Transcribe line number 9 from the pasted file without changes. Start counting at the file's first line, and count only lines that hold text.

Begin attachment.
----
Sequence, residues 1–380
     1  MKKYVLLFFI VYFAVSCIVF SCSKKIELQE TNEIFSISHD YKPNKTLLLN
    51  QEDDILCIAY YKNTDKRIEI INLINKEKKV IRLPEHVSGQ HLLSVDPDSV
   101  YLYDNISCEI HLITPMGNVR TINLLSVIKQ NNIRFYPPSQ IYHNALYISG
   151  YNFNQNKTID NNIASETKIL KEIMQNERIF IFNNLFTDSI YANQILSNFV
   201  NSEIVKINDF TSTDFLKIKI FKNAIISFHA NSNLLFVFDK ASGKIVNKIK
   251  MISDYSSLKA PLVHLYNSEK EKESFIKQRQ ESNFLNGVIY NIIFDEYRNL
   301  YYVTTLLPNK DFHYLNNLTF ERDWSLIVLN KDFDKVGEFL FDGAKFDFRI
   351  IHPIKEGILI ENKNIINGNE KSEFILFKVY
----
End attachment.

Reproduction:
   351  IHPIKEGILI ENKNIINGNE KSEFILFKVY